Wednesday 13 May 2020

Alcohol consumption in the lockdown

Cards on the table, folks. I don't know what's happened to per capita alcohol consumption during lockdown. Aside from the drinks industry and possibly HMRC, I doubt anyone has much of an idea.

The media keeps repeating the line that alcohol sales in the off-trade rose by 31 per cent at the start of lockdown, with the implication that alcohol consumption has soared. This is wrong, of course. Not only were people stockpiling it to consume over several weeks, but sales in the on-trade have fallen by 100 per cent.

If I had to guess, I'd say that overall alcohol consumption has fallen. People who only drink when they go out can no longer do so and whilst there will be plenty of people who drink more out of boredom, there may be more who don't want to or cannot afford to.

If you work in 'public health' you must think that alcohol consumption - and therefore alcohol-related harm - has definitely gone down. In neo-temperance ideology, consumption is driven by advertising, affordability and availability - and harm is driven by per capita consumption (or so they believe). I don't know what's happened with affordability, but advertising has all but disappeared (as it has in most industries) and availability has shrunk enormously as a result of 100,000 licensed premises closing.

Good news for the health of the nation, then? Not really, because neo-temperance ideology is bunkum. Per capita alcohol consumption is a distraction. We are bound to see a fall in the harms associated with the night-time economy, albeit at huge economic and human cost, but I'd be surprised to see a fall in self-inflicted health harms.

Figures published last month by Alcohol Change UK (formerly Alcohol Concern and Alcohol Research UK) seem to bear this out.

While much media coverage has focused on people’s drinking increasing, more than one in three of the 1,555 drinkers surveyed told us that they have either stopped drinking or reduced how often they drink, since the lockdown. Six per cent have stopped drinking entirely.

However, some people are drinking more often. Around one in five drinkers (21%) told us that they have been drinking more frequently since the lockdown. This suggests that around 8.6 million UK adults are drinking more frequently under lockdown. 

So more people are drinking less than are drinking more. However...

It is the people who were already drinking the least often who have cut down in the greatest number. Nearly half (47%) of people who drank once a week or less have cut down or stopped drinking, compared to just over a quarter (27%) of people who drank two to six times a week, and just one in five (17%) daily drinkers. Worryingly, nearly one in five (18%) daily drinkers have further increased the amount they drink since lockdown.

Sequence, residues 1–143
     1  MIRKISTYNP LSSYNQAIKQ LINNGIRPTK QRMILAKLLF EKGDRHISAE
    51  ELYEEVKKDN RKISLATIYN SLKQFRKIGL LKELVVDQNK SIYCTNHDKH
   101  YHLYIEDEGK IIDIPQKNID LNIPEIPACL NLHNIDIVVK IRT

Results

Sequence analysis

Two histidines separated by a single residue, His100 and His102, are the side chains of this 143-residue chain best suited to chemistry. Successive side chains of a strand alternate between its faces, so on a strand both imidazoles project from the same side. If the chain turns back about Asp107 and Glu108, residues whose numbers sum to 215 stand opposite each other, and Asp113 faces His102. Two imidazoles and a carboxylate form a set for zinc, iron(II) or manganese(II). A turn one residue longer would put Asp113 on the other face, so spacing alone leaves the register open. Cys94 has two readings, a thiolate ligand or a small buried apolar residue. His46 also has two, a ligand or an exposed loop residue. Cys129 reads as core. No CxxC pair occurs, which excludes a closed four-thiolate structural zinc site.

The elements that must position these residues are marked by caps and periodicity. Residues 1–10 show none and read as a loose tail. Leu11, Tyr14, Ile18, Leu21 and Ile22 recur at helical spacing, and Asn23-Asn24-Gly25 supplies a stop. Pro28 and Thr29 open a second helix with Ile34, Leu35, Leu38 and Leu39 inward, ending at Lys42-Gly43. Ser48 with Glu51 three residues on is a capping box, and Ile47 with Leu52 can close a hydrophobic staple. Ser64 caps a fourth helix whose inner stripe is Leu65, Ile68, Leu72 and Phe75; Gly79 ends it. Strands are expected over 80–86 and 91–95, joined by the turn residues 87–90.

There is also anecdotal evidence from people who work with problem drinkers that the situation is getting worse. So much for the whole population approach.

In the BMJ, Harry Rutter and Adam Briggs, a pair of one club golfers from the 'public health' industry who called for lower speed limits, minimum pricing and more tobacco control as a response to the lockdown, are calling for exactly the same policies as a response to easing the lockdown. Fancy that!

They seem to accept that any decline in alcohol consumption in the last two months has not been accompanied by health improvements, and may have been accompanied by a worsening, but they have a predictable solution for that...

Drinking habits have also changed. A survey from the charity, Alcohol Change UK, suggests that up to a third of UK adults have reduced how much they drink compared to a fifth that have increased consumption. Whilst welcome, closer reading of the data tell us that those who drink most often are the least likely to have cut back—those dependent drinkers who are most likely to respond to policies such as minimum unit pricing

It was unfortunate timing for them that their blog post was published on the same day as the latest nugget from the official minimum pricing evaluation was published. Based on focus groups with social workers and health practitioners, it found that these professionals quite liked the idea in theory but didn't see any evidence of it working on dependent drinkers in practice.

Within this context, participants were, however, broadly supportive of MUP as a policy to address hazardous and harmful drinking at a population level. Participants felt that the increase in price may encourage people to reflect on, and possibly reduce their consumption, with positive implications for children and young people.

Participants, however, also suggested that MUP may have little positive impact on those who they described as having a possible dependency; for this group the view was that MUP would not be sufficient to address the perceived dependency. Contingent on whether and how someone’s preferred alcohol was affected by MUP, participants suggested this could mean increasing financial strain on families who may already be experiencing financial hardship. It could also mean people changing what they consume to get a better ‘return on the price’, for example, switching from strong white cider to vodka.

Anyone could have told the government this before it went ahead with the stupid, regressive policy. Indeed, many of us did.

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